Wild Geranium (Geranium maculatum)

The Wild Geranium is an attractive plant found commonly in shadier areas along the roadside. It blooms for only a short time in June.

Being familiar only with the geraniums offered by nurseries, I was surprised to learn of this common native related species. This wild geranium can be cultivated for use as an ornamental plant.

Philadelphia Fleabane (Erigeron philadelphicus)

Given the name of this plant, I was expecting to learn of interesting links to Philadelphia and stories on how it may be effectively used to repel fleas. Unfortunately , there actually is no evidence that it is effective as a insect repellent, and I found no reason for it being named after Philadelphia.

It is native to North America, and is an invasive species in Europe and Asia.

Here in Minnesota it has light pink to nearly while flowers and has a gangly, weedy form. It is a common roadside plant that has been in bloom since mid-June.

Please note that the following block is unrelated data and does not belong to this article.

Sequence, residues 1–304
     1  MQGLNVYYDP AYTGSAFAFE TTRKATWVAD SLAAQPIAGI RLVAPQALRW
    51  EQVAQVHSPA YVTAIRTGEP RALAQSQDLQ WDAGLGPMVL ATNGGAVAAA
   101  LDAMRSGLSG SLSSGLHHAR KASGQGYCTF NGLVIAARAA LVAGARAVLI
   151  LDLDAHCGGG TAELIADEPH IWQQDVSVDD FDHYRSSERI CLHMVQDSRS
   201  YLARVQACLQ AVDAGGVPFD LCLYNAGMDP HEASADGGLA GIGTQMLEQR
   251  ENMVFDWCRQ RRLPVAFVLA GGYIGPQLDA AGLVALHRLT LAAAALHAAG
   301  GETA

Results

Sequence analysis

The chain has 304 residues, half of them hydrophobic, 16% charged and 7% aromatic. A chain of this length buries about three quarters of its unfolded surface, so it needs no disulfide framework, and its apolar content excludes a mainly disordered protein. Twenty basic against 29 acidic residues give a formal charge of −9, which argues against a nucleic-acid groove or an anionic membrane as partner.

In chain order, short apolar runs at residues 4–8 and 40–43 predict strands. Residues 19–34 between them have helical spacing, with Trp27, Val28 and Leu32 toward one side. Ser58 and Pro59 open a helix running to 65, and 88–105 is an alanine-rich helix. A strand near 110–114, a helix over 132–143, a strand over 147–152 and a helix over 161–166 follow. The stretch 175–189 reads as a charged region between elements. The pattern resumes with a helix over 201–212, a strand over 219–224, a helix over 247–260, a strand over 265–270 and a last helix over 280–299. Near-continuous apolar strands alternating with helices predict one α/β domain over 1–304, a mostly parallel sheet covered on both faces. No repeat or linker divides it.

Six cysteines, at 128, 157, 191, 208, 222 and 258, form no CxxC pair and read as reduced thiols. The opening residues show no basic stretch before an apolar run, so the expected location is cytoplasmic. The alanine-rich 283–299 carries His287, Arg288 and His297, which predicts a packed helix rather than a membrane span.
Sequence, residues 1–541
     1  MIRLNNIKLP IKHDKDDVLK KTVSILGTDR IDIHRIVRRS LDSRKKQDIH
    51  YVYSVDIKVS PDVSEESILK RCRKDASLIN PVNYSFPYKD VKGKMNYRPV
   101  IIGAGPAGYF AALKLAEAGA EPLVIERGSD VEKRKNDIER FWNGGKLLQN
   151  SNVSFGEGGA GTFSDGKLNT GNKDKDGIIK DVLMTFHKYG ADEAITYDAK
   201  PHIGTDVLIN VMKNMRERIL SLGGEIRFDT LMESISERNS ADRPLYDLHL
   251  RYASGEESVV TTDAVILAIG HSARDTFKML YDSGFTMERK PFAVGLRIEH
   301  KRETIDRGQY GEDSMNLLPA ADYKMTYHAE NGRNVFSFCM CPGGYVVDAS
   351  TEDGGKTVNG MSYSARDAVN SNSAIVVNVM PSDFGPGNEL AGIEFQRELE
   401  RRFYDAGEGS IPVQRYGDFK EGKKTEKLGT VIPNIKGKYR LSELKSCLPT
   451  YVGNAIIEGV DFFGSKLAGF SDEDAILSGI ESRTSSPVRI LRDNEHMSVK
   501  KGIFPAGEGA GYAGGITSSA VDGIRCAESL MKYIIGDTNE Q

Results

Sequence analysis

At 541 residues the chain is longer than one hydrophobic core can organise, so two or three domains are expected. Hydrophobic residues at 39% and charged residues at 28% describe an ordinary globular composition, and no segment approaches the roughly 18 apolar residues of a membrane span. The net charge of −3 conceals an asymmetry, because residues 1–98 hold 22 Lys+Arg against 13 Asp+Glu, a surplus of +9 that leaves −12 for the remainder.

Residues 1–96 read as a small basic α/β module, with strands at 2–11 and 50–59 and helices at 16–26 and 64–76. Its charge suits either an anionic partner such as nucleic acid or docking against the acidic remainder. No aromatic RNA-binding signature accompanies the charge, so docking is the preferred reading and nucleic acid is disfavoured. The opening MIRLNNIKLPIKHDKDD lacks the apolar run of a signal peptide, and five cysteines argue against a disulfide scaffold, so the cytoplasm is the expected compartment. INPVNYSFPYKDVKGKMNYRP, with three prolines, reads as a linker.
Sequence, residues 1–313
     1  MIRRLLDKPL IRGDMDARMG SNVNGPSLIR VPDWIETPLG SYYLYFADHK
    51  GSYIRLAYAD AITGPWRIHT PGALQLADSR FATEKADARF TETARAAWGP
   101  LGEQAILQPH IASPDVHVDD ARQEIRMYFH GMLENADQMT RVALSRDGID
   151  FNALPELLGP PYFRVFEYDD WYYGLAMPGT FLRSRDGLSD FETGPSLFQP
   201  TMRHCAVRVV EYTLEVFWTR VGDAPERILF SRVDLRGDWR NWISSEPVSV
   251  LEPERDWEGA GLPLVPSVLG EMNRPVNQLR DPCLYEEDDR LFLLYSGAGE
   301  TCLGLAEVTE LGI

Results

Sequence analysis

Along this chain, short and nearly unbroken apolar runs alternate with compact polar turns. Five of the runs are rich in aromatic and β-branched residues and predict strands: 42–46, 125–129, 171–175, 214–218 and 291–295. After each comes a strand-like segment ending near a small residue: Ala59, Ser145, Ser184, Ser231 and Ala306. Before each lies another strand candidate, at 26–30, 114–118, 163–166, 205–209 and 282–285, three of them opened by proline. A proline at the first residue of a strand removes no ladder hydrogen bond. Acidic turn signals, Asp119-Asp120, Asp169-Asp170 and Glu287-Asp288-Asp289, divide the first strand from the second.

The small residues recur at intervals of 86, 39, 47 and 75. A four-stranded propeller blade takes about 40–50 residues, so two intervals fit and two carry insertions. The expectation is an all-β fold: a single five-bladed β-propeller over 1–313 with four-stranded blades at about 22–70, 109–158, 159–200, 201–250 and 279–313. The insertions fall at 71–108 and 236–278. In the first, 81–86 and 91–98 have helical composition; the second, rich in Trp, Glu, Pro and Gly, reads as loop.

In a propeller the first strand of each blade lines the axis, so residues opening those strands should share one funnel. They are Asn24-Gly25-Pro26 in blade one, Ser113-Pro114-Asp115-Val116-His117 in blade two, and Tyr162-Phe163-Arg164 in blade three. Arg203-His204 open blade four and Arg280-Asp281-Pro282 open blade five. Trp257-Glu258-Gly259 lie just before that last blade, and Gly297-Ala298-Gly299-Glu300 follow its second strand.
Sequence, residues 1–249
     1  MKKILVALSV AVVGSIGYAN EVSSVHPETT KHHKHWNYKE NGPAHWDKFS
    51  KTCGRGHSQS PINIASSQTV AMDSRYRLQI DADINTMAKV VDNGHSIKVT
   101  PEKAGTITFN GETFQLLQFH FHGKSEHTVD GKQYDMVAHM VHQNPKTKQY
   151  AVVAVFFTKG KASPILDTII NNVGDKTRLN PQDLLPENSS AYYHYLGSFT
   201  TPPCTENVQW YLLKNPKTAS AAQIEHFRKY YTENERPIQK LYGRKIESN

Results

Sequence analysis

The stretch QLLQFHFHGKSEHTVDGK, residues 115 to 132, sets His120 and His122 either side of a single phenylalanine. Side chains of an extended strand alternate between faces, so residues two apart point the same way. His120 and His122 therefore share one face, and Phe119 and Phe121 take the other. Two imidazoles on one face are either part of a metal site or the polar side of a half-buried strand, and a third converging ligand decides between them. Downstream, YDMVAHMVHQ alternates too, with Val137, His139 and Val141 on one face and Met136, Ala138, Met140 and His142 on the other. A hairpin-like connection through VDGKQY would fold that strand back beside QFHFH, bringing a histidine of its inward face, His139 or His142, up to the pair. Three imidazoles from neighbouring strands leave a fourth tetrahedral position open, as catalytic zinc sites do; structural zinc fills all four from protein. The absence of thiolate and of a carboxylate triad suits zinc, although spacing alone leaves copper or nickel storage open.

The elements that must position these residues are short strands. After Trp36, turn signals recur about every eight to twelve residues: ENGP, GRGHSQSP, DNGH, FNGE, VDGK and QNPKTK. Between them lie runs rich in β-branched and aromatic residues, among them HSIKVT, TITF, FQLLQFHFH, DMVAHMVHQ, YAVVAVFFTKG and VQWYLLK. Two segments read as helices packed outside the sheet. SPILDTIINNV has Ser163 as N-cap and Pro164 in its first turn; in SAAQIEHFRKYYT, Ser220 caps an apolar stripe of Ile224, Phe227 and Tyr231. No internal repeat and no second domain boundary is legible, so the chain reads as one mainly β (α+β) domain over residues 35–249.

An Odd Thing about Sunsets

Often we walk down to the lake around 9:30 to look at the sunset. At first we see something like the image below, very nice but not breathtaking.

Thinking it is over, we climb back up to the house. Then, looking over our shoulders…we are compelled to run back down to see the encore. Maybe an analogy about aging and retirement could be made….

Happy 4th!

Evenings on the Lake with Loons

The last two days we’ve enjoyed being on the lake in the evenings

The lake was still and slight cloud cover made for dramatic skies

In this image one of the lake’s islands is in the foreground

A family of loons has made the lake their home this summer

Two adult loons are commonly seen (and heard) in the evenings accompanied by a baby. We didn’t get a good picture of the group, but managed to capture a shot of one of the loons singly. I hope to share updates about these loons throughout the summer.

The loon is the state bird of Minnesota, more loons live here than in any other state (except Alaska). According to the Minnesota DNR, in summer we have about 12,000 loons in Minnesota. Our MLS soccer franchise, Minnesota United FC, has the loon as its mascot.

The loon may be best know for its calls that echo across our lakes throughout the season. On the website The Voice of the Loon you can hear the four distinct calls of the loon — the tremolo, wail, yodel and hoot.

Useful Knowledge